How do Insurers Value a Personal Injury Claim?

How do Insurers Value a Personal Injury Claim?

Written By: Chris MacDonald and Kate Hunter, Summer Student

Most individuals’ worst fear is getting into an accident. Then comes the difficulties that arise with navigating a claim to get compensation for the injuries and losses caused by the accident. For many, seeking compensation is a necessary step to access the programs, services, and treatments that will help them get back to normal. But how do you ensure that, as a claimant, you get what you are owed? Understanding how insurance companies value an injury claim is an important step to ensuring that you are fairly compensated for the injuries and losses you suffer as a result of an accident.

Generally speaking, the compensation you receive depends upon the nature and severity of your injuries and the other losses caused by the accident. The law does not provide a specific formula for determining the amount of compensation to award for an injury claim. Rather, compensation is dependent on the total value of your damages. Damages are an estimated monetary value of the injuries and losses sustained by a claimant as a result of the wrongful conduct of others.

While money can never truly compensate injured individuals for life-changing permanent injuries and losses, the goal is to provide an injured party with sufficient compensation to allow them to achieve, as best as possible, a return to the relative quality of life they once enjoyed before the accident.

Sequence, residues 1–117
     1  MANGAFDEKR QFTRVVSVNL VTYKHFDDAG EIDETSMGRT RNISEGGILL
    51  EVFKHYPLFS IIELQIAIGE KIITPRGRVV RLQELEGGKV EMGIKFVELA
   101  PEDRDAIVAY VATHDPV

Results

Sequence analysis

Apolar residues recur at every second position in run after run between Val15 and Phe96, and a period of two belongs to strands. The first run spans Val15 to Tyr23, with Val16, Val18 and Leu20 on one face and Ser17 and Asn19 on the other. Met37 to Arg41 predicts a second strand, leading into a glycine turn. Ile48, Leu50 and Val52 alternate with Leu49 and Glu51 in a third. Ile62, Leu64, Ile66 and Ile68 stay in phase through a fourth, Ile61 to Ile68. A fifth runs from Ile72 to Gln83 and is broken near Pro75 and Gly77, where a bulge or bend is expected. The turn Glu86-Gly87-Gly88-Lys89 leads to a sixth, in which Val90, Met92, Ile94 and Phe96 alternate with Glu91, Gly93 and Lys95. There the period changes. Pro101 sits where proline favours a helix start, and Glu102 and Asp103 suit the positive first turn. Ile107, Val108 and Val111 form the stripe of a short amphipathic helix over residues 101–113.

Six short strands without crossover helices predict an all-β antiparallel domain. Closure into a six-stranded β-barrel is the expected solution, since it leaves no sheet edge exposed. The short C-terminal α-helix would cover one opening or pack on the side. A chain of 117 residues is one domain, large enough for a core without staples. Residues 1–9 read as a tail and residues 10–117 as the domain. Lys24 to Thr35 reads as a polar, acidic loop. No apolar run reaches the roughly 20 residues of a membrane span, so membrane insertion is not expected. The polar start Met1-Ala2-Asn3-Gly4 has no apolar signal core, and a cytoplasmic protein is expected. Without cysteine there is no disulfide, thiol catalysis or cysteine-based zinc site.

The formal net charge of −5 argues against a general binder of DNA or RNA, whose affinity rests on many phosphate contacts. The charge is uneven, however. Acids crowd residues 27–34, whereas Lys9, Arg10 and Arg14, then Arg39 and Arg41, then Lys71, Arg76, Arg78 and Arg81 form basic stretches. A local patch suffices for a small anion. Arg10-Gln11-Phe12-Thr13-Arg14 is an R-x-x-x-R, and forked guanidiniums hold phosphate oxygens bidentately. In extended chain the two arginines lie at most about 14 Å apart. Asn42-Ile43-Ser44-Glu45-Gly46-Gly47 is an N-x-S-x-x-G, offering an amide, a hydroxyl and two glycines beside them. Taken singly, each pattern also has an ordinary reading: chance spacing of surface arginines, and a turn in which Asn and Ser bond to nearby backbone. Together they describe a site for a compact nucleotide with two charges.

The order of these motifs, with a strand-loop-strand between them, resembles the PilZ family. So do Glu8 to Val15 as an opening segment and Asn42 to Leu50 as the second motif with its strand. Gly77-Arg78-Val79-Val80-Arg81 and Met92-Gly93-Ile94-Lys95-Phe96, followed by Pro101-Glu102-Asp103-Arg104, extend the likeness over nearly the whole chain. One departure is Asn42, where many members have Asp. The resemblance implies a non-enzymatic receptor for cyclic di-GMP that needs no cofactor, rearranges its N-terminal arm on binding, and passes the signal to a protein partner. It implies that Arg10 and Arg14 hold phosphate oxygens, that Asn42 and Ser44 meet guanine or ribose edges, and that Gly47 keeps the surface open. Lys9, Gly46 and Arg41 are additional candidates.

Types of Damages Awarded

There are various types of damages that an individual can claim, which fall under the general categories of “general damages” and “special damages”.

General Damages

General damages, also known as non-pecuniary damages, compensate you for any pain and suffering you will experience now and in the future as a result of the accident. They serve to compensate for injuries or losses that are not quantifiable monetarily, such as physical pain, emotional distress, physical impairment or disability, or a reduction in quality of life.

It was thought that as a matter of public policy there should be a limit to what people can claim as pain and suffering. In 1978, a cap of $100,000, was set. This cap has been adjusted for inflation and in 2022 the max was $409,042.55.

Special Damages

Special damages, otherwise known as pecuniary damages, are damages that are quantifiable and capable of direct calculation. The purpose of special damages is to compensate an individual for specific economic losses caused as a result of an accident.